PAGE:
SharePoint designer is good for building out of the box SharePoint workflows. It is also good for managing site content and site lists and libraries. It can also be used as a source code editor for front end development. SharePoint designer is not appropriate for full stack SharePoint development. Does not have the capabilities that Visual Studio offers for developing SharePoint sites.
Nicholas Miller | TrustRadius Reviewer
Score 8 out of 10
Vetted Review
Verified User
SharePoint Designer is only used by the SharePoint and Business Intelligence teams. Since this program is a very difficult to learn to use, and give the ability, depending on permission access in SharePoint, a typical end-user, or even power-user can make great and terrible changes with just a couple clicks of the mouse. As the SharePoint architect and developer, I am the primary user of SharePoint Designer (SPD) and I use it mainly for developing 2010 (client-based) and 2013 (server-based) platform workflows. I pride myself as being a "no-code developer" meaning, my highest priority is NOT to write any custom code (C#, .NET, PowerShell, etc.) to automate business processes and applications. There is a lot of POWER in the SPD Workflows, especially the 2013 workflows to allow for error checking, reminder systems, data automation, access to external data via REST HTTP Calls from the workflow itself, which opens a whole new world to build and develop, as you can now use the REST API to do various actions in SharePoint without having to write a custom action.
  • 2013 Workflows - Loops: You can build loops to work while a value (not) equals something, or N number of times. You can insert Parallel Blocks to do multiple things at once, or to watch for multiple things, and when 1 thing finishes, cancels the others and moves to the next step or stage.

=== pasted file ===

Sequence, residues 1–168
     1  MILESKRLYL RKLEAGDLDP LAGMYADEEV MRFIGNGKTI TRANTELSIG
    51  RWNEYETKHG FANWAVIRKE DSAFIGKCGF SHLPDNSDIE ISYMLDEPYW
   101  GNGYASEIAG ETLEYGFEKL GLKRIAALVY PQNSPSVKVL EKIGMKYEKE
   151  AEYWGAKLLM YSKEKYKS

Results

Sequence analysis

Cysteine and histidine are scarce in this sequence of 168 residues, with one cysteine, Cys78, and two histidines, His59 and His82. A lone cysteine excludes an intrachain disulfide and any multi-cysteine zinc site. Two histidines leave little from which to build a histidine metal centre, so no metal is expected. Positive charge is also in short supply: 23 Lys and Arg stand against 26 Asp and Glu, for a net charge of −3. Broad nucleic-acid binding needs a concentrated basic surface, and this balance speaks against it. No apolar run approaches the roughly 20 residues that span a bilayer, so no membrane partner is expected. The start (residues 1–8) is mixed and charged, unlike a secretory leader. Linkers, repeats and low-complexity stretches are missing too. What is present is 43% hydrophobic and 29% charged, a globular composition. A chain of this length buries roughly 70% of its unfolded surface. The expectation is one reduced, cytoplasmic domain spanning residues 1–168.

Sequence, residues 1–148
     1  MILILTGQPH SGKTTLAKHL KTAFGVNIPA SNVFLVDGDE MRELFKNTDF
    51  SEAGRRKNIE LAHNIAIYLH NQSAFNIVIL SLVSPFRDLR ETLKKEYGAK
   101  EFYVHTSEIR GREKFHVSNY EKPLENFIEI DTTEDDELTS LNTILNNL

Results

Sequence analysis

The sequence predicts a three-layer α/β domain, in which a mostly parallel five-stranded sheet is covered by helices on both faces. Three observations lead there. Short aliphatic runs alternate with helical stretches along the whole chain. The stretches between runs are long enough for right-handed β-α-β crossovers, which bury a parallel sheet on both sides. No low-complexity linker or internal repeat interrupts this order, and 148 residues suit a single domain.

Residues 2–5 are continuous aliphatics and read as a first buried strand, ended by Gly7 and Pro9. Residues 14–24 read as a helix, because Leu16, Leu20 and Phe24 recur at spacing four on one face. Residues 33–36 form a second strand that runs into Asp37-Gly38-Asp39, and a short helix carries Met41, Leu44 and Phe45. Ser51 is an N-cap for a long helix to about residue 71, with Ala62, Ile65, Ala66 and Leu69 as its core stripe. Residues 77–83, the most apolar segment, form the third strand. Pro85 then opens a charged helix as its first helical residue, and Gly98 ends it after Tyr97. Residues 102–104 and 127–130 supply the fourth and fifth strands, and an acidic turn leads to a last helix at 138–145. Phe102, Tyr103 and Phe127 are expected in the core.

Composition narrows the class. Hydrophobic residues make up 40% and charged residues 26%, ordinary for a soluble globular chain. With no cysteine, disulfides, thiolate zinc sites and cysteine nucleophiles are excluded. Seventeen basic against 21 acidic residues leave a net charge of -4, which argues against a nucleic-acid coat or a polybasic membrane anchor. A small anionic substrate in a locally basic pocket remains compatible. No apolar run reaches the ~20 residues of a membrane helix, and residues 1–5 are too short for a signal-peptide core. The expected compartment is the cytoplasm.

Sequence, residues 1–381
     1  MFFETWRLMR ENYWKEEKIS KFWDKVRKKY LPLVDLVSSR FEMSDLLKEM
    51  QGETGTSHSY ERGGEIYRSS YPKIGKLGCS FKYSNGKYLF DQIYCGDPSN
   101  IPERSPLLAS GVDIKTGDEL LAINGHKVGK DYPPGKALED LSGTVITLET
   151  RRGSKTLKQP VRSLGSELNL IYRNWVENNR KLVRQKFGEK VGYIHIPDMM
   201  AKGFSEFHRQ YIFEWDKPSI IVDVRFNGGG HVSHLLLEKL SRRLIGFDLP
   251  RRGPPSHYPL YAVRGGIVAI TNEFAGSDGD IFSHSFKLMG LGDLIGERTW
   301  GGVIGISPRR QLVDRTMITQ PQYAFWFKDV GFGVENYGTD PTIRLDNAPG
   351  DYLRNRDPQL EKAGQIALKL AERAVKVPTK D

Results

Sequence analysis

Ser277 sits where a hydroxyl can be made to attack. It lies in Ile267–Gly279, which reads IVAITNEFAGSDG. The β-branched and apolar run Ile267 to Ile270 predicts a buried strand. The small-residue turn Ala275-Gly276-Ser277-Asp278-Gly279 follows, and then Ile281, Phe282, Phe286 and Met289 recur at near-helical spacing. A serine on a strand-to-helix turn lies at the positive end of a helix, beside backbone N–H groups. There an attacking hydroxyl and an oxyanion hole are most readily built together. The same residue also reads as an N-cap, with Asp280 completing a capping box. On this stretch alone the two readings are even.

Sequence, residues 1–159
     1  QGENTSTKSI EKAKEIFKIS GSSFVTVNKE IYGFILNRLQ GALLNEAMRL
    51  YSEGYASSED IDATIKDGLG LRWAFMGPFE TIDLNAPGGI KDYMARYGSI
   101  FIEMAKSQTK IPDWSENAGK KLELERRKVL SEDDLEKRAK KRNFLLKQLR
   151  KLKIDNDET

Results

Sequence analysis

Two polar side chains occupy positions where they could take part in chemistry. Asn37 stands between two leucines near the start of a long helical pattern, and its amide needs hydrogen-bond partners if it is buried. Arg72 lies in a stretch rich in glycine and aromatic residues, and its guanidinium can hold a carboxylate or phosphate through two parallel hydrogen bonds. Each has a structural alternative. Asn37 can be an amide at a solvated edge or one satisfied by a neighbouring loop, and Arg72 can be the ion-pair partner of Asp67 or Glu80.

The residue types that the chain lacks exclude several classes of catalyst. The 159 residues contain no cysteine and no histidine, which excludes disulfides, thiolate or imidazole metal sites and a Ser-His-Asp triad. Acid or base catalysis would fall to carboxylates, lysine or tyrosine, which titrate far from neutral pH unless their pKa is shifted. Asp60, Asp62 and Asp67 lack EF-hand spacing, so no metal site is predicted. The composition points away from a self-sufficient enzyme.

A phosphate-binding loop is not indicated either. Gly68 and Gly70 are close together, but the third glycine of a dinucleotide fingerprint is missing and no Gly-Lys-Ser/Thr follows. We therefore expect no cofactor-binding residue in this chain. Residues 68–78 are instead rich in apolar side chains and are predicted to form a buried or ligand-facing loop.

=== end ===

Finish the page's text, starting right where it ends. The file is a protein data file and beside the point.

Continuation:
• 2013 Workflows - Stages: Previously all we had were steps, which worked sequentially. With the Concept of Stages, we can create blocks of steps and based on the data collected during those functions, we can tell the workflow to go to a different Stage in the workflow based on a set of 1, or multiple, Conditionals in a transition area after each Stage. Giving you the power to develop multiple entire processes and skipping to the correct part of the workflow, rather than going through 20 conditionals to find out you needed to do action 31.
  • 2013 Workflows - REST API: the "Call HTTP Web Service" is a very powerful tool, but hard to understand if you have never seen it done, or have a guideline. It works very similar to the requirements in PowerShell to connect and get and post data to SharePoint using the Rest API. You can also use this to manage permissions on List Items, Lists, Sites, and Site Collections. Best part is when developed correctly, it is SUPER FAST!
  • Intentionally Building Infinite Loops: I have built multiple review process from Managing Certifications to Updating Published Documentation, that monitors when an Item, based on provided approved metadata, when the "Author" needs to review the document within the given amount of time. They will get e-mails with links asking if changes are needed. If not, it is routed to the Approving Executive, and the Workflow Automatically updates the Metadata to push out the review dates to the next date, based on metadata provided on how how often the document should be reviews. By using conditionals in the transition of stages, it basically starts over, and goes into a parallel block to allow the monitoring of multiple values of metadata to move to the next stage. Very Powerful when you want to automate these types of process. It truly is a "Set It and Forget It" process.